Russell Coker: Links February 2021

Planet Debian - Sat, 2021-02-27 15:15

Elestic Search gets a new license to deal with AWS not paying them [1]. Of course AWS will fork the products in question. We need some anti-trust action against Amazon.

Big Think has an interesting article about what appears to be ritualistic behaviour in chompanzees [2]. The next issue is that if they are developing a stone-age culture does that mean we should treat them differently from other less developed animals?

Last Week in AWS has an informative article about Parler’s new serverless architecture [3]. They explain why it’s not easy to move away from a cloud platform even for a service that’s designed to not be dependent on it. The moral of the story is that running a service so horrible that none of the major cloud providers will touch it doesn’t scale.

Patheos has an insightful article about people who spread the most easily disproved lies for their religion [4]. A lot of political commentary nowadays is like that.

Indi Samarajiva wrote an insightful article comparing terrorism in Sri Lanka with the right-wing terrorism in the US [5]. The conclusion is that it’s only just starting in the US.

Belling Cat has an interesting article about the FSB attempt to murder Russian presidential candidate Alexey Navalny [6].

Russ Allbery wrote an interesting review of Anti-Social, a book about the work of an anti-social behavior officer in the UK [7]. The book (and Russ’s review) has some good insights into how crime can be reduced. Of course a large part of that is allowing people who want to use drugs to do so in an affordable way.

Informative post from Electrical Engineering Materials about the difference between KVW and KW [8]. KVA is bigger than KW, sometimes a lot bigger.

Arstechnica has an interesting but not surprising article about a “supply chain” attack on software development [9]. Exploiting the way npm and similar tools resolve dependencies to make them download hostile code. There is no possibility of automatic downloads being OK for security unless they are from known good sites that don’t allow random people to upload. Any sort of system that allows automatic download from sites like the Node or Python repositories, Github, etc is ripe for abuse. I think the correct solution is to have dependencies installed manually or automatically from a distribution like Debian, Ubuntu, Fedora, etc where there have been checks on the source of the source.

Devon Price wrote an insightful Medium article “Laziness Does Not Exist” about the psychological factors which can lead to poor results that many people interpret as “laziness” [10]. Everyone who supervises other people’s work should read this.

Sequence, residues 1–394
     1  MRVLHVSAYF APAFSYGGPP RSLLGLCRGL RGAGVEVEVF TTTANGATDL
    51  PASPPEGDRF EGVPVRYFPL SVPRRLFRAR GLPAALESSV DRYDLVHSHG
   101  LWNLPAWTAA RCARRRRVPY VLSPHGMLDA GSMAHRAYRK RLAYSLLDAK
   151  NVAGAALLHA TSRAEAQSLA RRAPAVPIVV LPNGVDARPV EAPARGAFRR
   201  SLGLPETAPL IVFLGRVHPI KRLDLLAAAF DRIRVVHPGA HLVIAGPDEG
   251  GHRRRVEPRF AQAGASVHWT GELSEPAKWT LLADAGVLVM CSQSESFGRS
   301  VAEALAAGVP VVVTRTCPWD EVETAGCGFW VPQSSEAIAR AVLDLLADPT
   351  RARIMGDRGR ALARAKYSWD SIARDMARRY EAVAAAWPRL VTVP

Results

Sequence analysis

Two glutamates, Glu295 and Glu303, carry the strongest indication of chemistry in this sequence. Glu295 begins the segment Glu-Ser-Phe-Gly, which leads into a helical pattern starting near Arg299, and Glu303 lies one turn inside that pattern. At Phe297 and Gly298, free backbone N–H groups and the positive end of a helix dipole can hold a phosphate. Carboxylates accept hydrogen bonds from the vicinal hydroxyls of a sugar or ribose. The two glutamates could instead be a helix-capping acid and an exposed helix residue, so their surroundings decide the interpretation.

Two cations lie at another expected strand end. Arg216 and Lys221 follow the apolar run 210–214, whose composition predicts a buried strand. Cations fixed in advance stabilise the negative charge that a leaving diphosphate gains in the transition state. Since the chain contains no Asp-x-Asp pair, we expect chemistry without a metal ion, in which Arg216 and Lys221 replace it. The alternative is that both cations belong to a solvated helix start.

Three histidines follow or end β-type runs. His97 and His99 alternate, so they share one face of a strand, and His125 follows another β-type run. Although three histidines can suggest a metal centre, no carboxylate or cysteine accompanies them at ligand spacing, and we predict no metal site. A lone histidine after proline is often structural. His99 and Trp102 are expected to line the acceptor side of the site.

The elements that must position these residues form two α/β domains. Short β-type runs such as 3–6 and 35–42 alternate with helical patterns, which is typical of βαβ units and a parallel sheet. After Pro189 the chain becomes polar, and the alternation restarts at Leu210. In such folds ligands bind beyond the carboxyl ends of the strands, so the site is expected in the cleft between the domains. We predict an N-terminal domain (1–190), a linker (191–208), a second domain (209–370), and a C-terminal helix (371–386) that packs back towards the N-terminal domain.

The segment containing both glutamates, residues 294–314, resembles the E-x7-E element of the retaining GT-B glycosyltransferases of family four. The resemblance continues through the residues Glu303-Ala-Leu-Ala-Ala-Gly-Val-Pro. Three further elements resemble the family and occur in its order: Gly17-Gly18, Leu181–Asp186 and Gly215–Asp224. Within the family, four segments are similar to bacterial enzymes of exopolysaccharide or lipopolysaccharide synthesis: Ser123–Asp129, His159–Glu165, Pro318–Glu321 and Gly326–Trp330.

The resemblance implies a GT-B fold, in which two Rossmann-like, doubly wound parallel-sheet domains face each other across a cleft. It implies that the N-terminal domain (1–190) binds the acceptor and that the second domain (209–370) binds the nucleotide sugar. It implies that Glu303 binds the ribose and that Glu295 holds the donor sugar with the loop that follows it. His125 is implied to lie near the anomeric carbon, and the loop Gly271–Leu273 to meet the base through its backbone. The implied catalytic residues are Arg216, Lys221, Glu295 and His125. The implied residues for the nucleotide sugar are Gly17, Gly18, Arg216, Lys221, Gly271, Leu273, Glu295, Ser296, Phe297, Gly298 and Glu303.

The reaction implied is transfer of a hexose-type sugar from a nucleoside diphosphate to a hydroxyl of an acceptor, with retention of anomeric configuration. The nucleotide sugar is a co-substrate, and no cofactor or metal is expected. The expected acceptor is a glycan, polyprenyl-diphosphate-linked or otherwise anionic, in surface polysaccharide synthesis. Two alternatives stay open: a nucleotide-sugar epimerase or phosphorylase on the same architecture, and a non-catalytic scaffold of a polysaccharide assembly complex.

Related posts:

  1. Links January 2021 Krebs on Security has an informative article about web notifications...
  2. Links February 2014 The Economist has an interesting and informative article about the...
  3. Links February 2020 Truthout has an interesting summary of the US “Wars Without...
Categories: FLOSS Project Planets

Dima Kogan: horizonator: terrain renderer based on SRTM DEMs

Planet Debian - Sat, 2021-02-27 15:14

Check this out:

I just resurrected and cleaned up an old tool I had lying around. It's now nice and usable by others. This tool loads terrain data, and renders it from the ground, simulating what a human or a camera would see. This is useful for armchair exploring or for identifying peaks. This was relatively novel when I wrote it >10 years ago, but there are a number of similar tools in existence now. This implementation is still useful in that it's freely licensed and contains APIs, so fancier processing can be performed on its output.

Sources and (barely-complete-enough) documentation live here:


Categories: FLOSS Project Planets

Colorfield: A minimal Drupal 9 local development environment

Planet Drupal - Sat, 2021-02-27 14:53
Get a fast Drupal 9 setup in 3 commands. It just relies on a PHP built-in server, so no Docker here, the only requirements are Composer and PHP. Then, we will do a recap of the available tools for developers.
Categories: FLOSS Project Planets

Petter Reinholdtsen: Updated Valutakrambod, now also with information from NBX

Planet Debian - Sat, 2021-02-27 07:30

I have neglected the Valutakrambod library for a while, but decided this weekend to give it a face lift. I fixed a few minor glitches in several of the service drivers, where the API had changed since I last looked at the code. I also added support for fetching the order book from the newcomer Norwegian Bitcoin Exchange.

I alsod decided to migrate the project from github to gitlab in the process. If you want a python library for talking to various currency exchanges, check out code for valutakrambod.

This is what the output from 'bin/btc-rates-curses -c' looked like a few minutes ago:

Name Pair Bid Ask Spread Ftcd Age Freq Bitfinex BTCEUR 39229.0000 39246.0000 0.0% 44 44 nan Bitmynt BTCEUR 39071.0000 41048.9000 4.8% 43 74 nan Bitpay BTCEUR 39326.7000 nan nan% 39 nan nan Bitstamp BTCEUR 39398.7900 39417.3200 0.0% 0 0 1 Bl3p BTCEUR 39158.7800 39581.9000 1.1% 0 nan 3 Coinbase BTCEUR 39197.3100 39621.9300 1.1% 38 nan nan Kraken+BTCEUR 39432.9000 39433.0000 0.0% 0 0 0 Paymium BTCEUR 39437.2100 39499.9300 0.2% 0 2264 nan Bitmynt BTCNOK 409750.9600 420516.8500 2.6% 43 74 nan Bitpay BTCNOK 410332.4000 nan nan% 39 nan nan Coinbase BTCNOK 408675.7300 412813.7900 1.0% 38 nan nan MiraiEx BTCNOK 412174.1800 418396.1500 1.5% 34 nan nan NBX BTCNOK 405835.9000 408921.4300 0.8% 33 nan nan Bitfinex BTCUSD 47341.0000 47355.0000 0.0% 44 53 nan Bitpay BTCUSD 47388.5100 nan nan% 39 nan nan Coinbase BTCUSD 47153.6500 47651.3700 1.0% 37 nan nan Gemini BTCUSD 47416.0900 47439.0500 0.0% 36 336 nan Hitbtc BTCUSD 47429.9900 47386.7400 -0.1% 0 0 0 Kraken+BTCUSD 47401.7000 47401.8000 0.0% 0 0 0 Exchangerates EURNOK 10.4012 10.4012 0.0% 38 76236 nan Norgesbank EURNOK 10.4012 10.4012 0.0% 31 76236 nan Bitstamp EURUSD 1.2030 1.2045 0.1% 2 2 1 Exchangerates EURUSD 1.2121 1.2121 0.0% 38 76236 nan Norgesbank USDNOK 8.5811 8.5811 0.0% 31 76236 nan